A funny memory of my kids' childhoods. At night when they would finally be ready for bed, once I got to the point where I couldn't always put them to bed anymore but hubby had to as often as not, the kids would run to my bed, attack and jump all over me vying for my attention, hyped up as usual from just being three rambunctious children, and demand to know what I was reading and how far along I was into the book. In the morning, when they would see that I'd had yet another sleepless night, they'd again invade my bed and want to know what I was NOW reading. Their biggest delight: if I had finished the book I was reading when they went to sleep, read another book as they slept and was into book #3 when they woke up. OK, I never said my kids were NORMAL!
I'm trying every mind game I can think of and I still can't get into reading, this to a person who would walk down stairs reading, wash my hands in the sink while reading, brush my teeth while reading...the list goes on and on. In fact, I often tricked myself into doing a chore my body couldn't handle by reading and doing that chore at the same time. I'm not saying I remembered anything I read while doing these things. It was a bit like a roller coaster ride, fun while doing it but almost immediately forgotten. And it got the job done.
Just as a smell can trigger the most deep-seeded memory and bring it it the foreground, I remember where I was or what my interests in life were back then, and I recall what crisis, happiness, indeed every twist and turn of our family's history at any given moment, all from just seeing a book cover. Books are my history.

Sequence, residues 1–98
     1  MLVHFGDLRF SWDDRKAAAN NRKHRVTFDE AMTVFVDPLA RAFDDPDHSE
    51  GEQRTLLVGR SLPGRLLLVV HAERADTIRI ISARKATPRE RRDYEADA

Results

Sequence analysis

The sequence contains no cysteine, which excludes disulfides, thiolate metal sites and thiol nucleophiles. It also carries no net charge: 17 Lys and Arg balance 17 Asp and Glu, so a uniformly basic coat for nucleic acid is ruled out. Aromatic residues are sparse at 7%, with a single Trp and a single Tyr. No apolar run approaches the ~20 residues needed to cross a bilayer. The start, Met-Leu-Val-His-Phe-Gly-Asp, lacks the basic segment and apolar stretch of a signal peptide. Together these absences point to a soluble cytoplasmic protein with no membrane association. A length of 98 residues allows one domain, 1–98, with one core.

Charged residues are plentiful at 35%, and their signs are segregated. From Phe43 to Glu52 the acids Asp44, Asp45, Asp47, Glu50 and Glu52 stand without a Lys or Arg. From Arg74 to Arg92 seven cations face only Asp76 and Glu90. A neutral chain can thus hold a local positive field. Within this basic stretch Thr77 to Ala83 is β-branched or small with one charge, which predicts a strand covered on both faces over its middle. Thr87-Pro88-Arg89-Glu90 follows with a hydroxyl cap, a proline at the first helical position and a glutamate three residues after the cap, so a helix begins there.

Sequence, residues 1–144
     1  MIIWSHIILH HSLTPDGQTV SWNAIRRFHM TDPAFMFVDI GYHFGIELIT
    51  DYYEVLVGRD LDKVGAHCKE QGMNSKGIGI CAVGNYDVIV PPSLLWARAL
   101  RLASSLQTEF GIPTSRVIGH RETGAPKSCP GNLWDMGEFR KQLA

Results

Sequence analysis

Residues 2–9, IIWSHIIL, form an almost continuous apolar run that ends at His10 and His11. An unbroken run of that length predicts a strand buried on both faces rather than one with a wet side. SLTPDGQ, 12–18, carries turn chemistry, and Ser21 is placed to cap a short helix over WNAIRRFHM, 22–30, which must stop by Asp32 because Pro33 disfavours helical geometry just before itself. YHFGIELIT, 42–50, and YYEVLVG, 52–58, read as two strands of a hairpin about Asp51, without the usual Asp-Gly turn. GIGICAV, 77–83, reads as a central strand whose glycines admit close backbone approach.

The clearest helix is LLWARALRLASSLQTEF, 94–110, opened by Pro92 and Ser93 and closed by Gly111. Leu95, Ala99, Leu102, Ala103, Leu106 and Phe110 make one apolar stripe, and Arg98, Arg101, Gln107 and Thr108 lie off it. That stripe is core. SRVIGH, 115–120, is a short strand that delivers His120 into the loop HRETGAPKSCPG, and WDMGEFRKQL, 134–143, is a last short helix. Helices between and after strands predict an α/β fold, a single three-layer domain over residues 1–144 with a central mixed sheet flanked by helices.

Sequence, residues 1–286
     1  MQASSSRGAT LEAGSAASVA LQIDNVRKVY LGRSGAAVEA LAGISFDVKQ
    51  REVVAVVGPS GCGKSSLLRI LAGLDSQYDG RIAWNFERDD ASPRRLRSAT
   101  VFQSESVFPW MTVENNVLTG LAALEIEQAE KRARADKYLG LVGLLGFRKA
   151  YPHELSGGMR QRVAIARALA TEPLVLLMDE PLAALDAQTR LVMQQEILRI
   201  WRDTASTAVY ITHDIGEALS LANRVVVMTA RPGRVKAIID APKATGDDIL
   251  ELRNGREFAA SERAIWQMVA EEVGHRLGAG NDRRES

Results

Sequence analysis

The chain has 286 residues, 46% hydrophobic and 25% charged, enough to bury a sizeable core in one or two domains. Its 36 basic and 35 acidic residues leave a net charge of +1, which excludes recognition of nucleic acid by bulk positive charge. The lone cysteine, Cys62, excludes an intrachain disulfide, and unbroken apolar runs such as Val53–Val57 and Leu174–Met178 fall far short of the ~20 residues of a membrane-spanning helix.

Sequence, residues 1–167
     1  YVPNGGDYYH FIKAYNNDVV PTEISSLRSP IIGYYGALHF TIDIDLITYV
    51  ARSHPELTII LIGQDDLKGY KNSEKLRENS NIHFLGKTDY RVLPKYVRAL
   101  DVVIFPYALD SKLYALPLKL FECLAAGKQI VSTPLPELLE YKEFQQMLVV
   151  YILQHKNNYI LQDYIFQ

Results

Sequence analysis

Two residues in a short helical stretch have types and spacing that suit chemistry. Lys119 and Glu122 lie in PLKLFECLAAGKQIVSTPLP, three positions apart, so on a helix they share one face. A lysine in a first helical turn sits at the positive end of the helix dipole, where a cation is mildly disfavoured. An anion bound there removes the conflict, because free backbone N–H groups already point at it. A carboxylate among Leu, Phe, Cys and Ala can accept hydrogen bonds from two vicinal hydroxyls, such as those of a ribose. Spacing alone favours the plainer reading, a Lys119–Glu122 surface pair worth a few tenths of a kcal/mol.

And the joke and anecdotes surrounding my reading are many. We were on our first trip to London, the entire family! The oldest was ten (trip first described in the post on 2/26). We stopped at the bookstore at the airport (oh how I love to look at walls and tables at a bookstore and laugh when I see that I've read at least 75% of the books I see). The gentleman remarked on how wonderful it was to see my kids zeroing in with excitement towards the books instead of the toys sold there too.
Before you get to "Oh, how sick can she be if she's flying to London, for heaven's sake!" Wait!
I held up a book that had caught my interest, but feeling very guilty about the bloody fortune we were spending on this vacation, plus so exhausted from the packing and planning, I was definitely not in peak shape even for my low standards. I help up a book and asked the seller, "does this come in paperback?" The man looked at hubby and hubby looked at clerk and I had no answer to my seemingly simple question. I repeated, holding the book up even higher, a bit annoyed since my upper body strength has never been the greatest, I was exhausted, I was sure my makeup was rolling to my neck down from my face, I was sweating, I was becoming nauseated, my hair was getting wet from the exhaustion and all I wanted was an answer to a very easy question. Griding my teeth behind what I'm sure was a very fake smile, I repeated, "DOES THIS BOOK COME IN PAPERBACK," a bit more slowly than called for.
The looks going back and forth were quickly getting on my nerves when hubby gingerly replied, "Uh, Irene...you ARE holding the book in paperback."
My brains was so slow that it took me a full minute of staring at the darn thing to finally understand what he meant.
Some days you just can't win.
In the meanwhile, I'll continue reading samples of books from my Kindle. Something has to finally kick in.
Reading, like I said, is me.